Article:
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Sinking your teeth in Shark Week?

A hospital in North Carolina has confirmed the eighth shark attack in the state in less than a month.  Everyone from doggy-paddling young children to surfing teens to gently bobbing senior citizens are becoming snack food for one of the oldest living species on earth.  And it’s either a swarm of ticked off sharks or one particularly peckish set of teeth doing the damage right now.

From Jaws to the Sharknado series, sharks have been elevated to almost mythic proportions, developing supernatural or god-like powers of reincarnation.  Meanwhile, humans are becoming more perverse.  We rally at the horror of those recent attacks – two teens have lost their arms – yet we want more.

So isn’t it lucky that with all this bloody news that the Discovery Channel just happens to be “celebrating” its annual Shark Week?

Viewers can “hitch a ride” on the fastest shark alive, then watch as a sperm whale is torn apart by a group of sharks like a living buffet at a wedding.  Of course, this is all intended to be a learning experience.  Consequently, there are also programs on prehistoric sharks.  And Mythbusters will take on the fact versus the fantasy of the shark.  There’s even a program on how to survive a shark attack. (Hint: don’t go in the water.)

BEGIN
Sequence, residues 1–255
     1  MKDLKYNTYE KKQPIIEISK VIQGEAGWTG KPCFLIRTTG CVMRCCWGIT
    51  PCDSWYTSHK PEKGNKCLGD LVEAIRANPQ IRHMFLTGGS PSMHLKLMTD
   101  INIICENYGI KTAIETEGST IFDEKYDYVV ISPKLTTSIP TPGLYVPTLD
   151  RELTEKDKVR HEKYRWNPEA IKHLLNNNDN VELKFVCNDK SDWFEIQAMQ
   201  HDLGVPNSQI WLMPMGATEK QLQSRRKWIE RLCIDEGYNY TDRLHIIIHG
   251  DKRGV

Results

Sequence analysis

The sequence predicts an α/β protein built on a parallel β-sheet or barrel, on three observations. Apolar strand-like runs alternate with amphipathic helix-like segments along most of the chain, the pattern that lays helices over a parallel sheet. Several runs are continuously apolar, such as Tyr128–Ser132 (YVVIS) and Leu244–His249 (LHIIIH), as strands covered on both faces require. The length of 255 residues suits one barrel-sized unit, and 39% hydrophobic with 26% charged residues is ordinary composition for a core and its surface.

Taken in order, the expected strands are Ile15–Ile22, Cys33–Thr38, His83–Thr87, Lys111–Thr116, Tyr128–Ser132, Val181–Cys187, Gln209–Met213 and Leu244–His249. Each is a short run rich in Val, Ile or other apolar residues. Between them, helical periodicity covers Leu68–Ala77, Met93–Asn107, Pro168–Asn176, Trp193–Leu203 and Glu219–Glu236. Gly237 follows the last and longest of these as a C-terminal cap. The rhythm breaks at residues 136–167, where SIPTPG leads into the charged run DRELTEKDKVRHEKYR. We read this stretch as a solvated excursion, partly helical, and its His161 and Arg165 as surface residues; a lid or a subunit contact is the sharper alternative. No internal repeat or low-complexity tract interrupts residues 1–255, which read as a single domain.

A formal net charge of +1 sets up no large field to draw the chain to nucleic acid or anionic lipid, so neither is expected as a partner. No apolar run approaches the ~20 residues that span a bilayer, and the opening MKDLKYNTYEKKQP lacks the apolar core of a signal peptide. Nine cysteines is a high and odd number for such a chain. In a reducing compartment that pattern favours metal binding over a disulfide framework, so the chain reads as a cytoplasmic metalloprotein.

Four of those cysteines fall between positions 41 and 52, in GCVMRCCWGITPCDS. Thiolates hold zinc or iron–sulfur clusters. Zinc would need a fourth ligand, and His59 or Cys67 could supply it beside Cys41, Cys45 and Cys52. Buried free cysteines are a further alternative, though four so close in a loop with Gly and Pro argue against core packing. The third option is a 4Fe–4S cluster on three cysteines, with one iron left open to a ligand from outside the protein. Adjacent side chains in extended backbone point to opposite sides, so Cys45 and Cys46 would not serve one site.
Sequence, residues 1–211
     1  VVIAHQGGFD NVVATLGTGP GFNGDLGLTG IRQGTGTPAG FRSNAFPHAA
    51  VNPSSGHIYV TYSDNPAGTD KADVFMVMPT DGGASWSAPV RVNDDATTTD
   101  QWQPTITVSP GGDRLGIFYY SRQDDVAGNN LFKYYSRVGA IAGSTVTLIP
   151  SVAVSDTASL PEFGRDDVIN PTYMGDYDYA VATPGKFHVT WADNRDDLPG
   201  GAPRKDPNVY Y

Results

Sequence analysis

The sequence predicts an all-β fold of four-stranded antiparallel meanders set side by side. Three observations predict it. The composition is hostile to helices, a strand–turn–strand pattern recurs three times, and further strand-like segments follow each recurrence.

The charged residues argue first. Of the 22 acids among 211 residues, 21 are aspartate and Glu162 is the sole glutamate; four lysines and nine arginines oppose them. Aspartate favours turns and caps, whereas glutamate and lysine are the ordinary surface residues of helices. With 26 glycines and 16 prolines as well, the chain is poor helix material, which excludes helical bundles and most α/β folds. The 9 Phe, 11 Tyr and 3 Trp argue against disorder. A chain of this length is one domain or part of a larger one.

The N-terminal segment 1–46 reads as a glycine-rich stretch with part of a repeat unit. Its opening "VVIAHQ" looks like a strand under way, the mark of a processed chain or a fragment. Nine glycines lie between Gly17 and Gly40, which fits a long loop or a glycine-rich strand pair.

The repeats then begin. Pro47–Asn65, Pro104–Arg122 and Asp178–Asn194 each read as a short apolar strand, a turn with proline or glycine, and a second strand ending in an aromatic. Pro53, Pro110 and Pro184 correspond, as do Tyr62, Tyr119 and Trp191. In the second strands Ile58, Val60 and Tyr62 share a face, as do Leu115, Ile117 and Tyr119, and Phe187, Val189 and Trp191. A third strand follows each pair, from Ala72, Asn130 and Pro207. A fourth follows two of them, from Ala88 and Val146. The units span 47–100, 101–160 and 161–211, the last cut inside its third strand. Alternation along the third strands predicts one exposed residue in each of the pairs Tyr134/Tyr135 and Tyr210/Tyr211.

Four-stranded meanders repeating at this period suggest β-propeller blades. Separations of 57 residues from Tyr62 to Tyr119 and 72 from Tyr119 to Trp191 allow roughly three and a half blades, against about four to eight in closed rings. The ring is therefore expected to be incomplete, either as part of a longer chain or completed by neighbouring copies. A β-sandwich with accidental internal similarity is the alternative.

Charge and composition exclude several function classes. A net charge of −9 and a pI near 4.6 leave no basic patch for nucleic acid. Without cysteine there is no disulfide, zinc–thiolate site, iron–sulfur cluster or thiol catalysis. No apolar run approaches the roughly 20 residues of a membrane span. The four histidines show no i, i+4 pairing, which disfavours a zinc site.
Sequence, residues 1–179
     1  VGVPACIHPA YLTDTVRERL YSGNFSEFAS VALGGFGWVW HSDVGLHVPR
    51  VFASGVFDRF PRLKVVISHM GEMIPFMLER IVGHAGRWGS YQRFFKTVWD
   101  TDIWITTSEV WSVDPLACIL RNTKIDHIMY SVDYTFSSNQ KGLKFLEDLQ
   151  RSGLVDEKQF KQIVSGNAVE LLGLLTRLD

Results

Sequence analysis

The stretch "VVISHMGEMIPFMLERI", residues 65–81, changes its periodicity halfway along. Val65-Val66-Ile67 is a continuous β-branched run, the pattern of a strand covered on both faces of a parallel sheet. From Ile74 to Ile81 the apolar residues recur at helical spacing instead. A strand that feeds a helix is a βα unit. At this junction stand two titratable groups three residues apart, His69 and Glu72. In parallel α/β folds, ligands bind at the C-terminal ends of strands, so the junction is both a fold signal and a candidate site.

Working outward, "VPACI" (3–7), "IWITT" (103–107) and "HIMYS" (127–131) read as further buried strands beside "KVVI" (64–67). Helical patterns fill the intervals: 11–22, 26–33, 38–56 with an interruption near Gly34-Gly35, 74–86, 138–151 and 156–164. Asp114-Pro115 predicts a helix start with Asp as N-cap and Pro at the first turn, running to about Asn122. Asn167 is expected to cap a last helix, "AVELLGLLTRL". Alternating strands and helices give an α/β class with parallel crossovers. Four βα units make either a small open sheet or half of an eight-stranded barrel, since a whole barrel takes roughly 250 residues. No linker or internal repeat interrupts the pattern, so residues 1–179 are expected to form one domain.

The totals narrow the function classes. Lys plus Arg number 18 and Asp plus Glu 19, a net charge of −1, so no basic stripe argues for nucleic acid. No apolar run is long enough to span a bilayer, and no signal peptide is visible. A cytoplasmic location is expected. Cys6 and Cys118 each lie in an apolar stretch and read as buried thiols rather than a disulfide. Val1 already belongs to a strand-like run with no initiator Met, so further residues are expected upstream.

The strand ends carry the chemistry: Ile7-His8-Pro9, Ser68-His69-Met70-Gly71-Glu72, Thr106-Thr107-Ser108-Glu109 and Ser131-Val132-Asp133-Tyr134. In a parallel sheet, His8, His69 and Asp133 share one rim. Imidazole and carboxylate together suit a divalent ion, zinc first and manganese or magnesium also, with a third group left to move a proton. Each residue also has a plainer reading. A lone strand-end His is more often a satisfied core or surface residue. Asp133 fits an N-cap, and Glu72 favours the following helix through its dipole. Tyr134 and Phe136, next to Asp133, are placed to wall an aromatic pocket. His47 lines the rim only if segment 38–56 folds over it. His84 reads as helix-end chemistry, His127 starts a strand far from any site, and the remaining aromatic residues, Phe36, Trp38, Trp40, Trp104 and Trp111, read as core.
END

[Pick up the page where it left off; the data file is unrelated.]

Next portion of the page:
Now science has learned much from studying sharks.  If they can survive this long, they’ve got to have something to share with the one species that’s destroying the planet. So programs and weeks like this help support further studies and scientific breakthroughs.  And I can get behind that.

But then there’s the audience participation factor – and really, common sense says that term should never be applied to sharks.  Networks have come to love it when their viewers get involved in their programs.  So they’re being asked to be a part of a “Social Shark Takeover,” referring to Shark Week as the #mostwonderfulweek on Twitter and Instagram.

They also want viewers to share their photos on Facebook.  Already I fear the brilliant lengths to which some people will go in order to outdo each other and get the best photo.  Thank goodness for Darwin’s Law of Natural Selection.

And then there’s the commercial aspect of Shark Week.  Discovery has turned this celebration into a financial windfall for third world sweatshops and Taiwanese counterfeiters.  Besides the typical shark backpacks and drinking glasses, the network is selling shark onesies complete with a head, shark attack fuzzy slippers, and (oh, the irony) the “Shark Week Lunch Collection.”

Yes, sharks do play an important role in nature.  Yes, they’re often demonized and misunderstood.  But since they’ve outlived practically every other being on the planet, I’m confident that they don’t need us cheering them on in order to survive.

It’s not that I hate sharks.  The few I’ve met have been quite nice.  But while we’re all celebrating Shark Week, let’s not forget there are eight people this year alone for whom this is a rather, uh, sore subject.